For a few days residents have watched a crew working with heavy equipment on 11th Avenue South near 6th Street. We heard the noise for blocks as trees were removed and chipped into mulch.
For decades environmentalists and neighborhood activists have talked about the restoration of Booker Creek. This year we see it happen.
Early in the city’s development the natural creek was deepened and sections were walled in with concrete bulkheads. In several places the creek was forced into underground box culverts. At that time few recognized the value of the creek’s shallow margins. Our small city was surrounded with natural wetlands and wild areas so we took these resources for granted. We didn’t realize that the birds and fish depend on the native vegetation in these wetlands.
Raising the grade with fill dirt was a way to create "productive" land and bury the undesirable wetlands. This drainage plan worked for several decades but as the city built up more and more of the drainage basin was paved over. More rainwater was drained into the creek than it was designed to handle, and there was less land to soak it up.
So now we have a serious flood problem. The culvert that runs between 11th and 10th Avenue South fills up and causes a bottleneck. During extremely heavy rains the creek overflows over Roser Park Drive and motorists can’t see where the street ends and the creek begins. One neighbor died when their car went into the creek.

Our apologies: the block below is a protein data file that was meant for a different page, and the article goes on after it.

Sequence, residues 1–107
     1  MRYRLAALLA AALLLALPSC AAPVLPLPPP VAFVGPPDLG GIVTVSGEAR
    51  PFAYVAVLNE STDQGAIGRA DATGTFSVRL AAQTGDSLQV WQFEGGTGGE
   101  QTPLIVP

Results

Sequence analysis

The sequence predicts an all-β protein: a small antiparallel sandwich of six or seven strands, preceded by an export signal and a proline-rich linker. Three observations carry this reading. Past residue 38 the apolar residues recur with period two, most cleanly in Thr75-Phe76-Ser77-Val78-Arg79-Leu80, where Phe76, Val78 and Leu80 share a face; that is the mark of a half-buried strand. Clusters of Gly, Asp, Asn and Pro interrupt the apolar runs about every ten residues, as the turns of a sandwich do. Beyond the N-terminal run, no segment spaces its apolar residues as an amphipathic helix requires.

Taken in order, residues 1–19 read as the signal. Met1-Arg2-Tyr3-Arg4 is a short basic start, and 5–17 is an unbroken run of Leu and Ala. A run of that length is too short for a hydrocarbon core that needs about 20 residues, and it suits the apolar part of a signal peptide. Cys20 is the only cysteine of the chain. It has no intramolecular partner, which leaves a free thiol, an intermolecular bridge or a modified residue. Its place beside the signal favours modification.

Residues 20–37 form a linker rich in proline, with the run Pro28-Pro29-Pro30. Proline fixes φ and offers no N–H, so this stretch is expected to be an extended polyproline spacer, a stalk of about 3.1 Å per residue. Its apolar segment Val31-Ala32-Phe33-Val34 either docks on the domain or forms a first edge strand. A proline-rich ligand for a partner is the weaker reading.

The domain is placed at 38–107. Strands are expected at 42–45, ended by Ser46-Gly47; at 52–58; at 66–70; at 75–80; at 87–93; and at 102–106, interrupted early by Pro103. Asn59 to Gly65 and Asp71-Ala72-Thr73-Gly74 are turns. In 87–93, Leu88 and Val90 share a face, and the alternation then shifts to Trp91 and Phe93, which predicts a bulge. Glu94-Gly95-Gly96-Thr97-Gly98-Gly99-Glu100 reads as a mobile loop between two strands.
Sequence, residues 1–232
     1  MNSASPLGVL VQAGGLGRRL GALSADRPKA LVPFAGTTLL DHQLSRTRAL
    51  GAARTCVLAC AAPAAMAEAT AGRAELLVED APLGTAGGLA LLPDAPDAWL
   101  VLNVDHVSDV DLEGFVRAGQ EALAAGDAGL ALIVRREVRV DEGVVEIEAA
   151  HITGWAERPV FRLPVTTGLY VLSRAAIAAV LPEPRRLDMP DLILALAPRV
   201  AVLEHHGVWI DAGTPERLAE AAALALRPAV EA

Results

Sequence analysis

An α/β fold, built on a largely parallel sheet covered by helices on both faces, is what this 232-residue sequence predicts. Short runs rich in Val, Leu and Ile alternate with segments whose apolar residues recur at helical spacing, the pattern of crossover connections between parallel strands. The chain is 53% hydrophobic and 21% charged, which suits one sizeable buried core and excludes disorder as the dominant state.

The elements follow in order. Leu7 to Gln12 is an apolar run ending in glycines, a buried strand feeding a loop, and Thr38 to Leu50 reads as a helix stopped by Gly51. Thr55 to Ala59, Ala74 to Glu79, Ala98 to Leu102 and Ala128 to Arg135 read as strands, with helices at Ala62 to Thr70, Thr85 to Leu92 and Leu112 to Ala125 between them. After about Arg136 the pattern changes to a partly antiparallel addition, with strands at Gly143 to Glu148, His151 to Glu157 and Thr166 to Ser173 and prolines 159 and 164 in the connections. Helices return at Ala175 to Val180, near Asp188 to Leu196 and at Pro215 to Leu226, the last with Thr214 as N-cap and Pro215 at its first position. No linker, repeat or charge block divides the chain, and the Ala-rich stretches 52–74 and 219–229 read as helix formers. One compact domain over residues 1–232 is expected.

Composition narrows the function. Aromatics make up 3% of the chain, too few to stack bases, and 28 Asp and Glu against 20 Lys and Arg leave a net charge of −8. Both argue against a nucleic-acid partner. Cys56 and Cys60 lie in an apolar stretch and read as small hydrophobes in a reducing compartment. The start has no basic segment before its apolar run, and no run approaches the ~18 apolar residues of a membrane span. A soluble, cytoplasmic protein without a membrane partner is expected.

City engineers told us that the most cost-effective way to move more water was to open up the creek and the beautiful open space they restore will be a bonus.
Two years ago a few of our residents met with the Devil Rays and environmentalists to hear their vision for a restored Booker Creek. They could do more with the creek that flows by their stadium. As it flows south through Campbell Park there is space for a walkway and bike path to connect the Southside to the downtown waterfront. The Rays see a connection to historic Negro League pro baseball played by the St. Petersburg Pelicans at Oliver Field in the park; as well as to the youth sports programs offered there today. A connection both to their past and to their future.
As we look south the medical building planned for MLK Jr. Street at 6th Avenue was planned with this potential trail in mind. From there Booker Creek flows through the uniquely beautiful Roser Park Historic District, and on towards Bayboro Harbor.
Further upstream near Ed White Hospital the creek is being restored with a tree planting on it’s banks. Years ago highway construction turned this section into a lake.
New open space, neighborhoods connected, improved water quality and a healthier bay, everybody wins.
It’s another great day in Saint Petersburg.